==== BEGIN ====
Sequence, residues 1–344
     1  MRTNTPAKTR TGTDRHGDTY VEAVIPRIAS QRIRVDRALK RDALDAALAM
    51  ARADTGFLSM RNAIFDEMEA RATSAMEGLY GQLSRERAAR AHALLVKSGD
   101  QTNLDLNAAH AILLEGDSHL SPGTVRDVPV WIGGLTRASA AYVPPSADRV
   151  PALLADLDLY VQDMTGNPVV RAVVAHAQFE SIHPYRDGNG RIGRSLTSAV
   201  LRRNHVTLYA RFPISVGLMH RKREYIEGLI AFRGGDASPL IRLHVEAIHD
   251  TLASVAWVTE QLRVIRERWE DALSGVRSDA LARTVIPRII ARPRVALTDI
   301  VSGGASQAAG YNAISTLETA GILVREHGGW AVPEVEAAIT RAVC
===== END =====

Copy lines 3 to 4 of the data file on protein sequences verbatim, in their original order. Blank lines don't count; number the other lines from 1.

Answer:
    51  ARADTGFLSM RNAIFDEMEA RATSAMEGLY GQLSRERAAR AHALLVKSGD
   101  QTNLDLNAAH AILLEGDSHL SPGTVRDVPV WIGGLTRASA AYVPPSADRV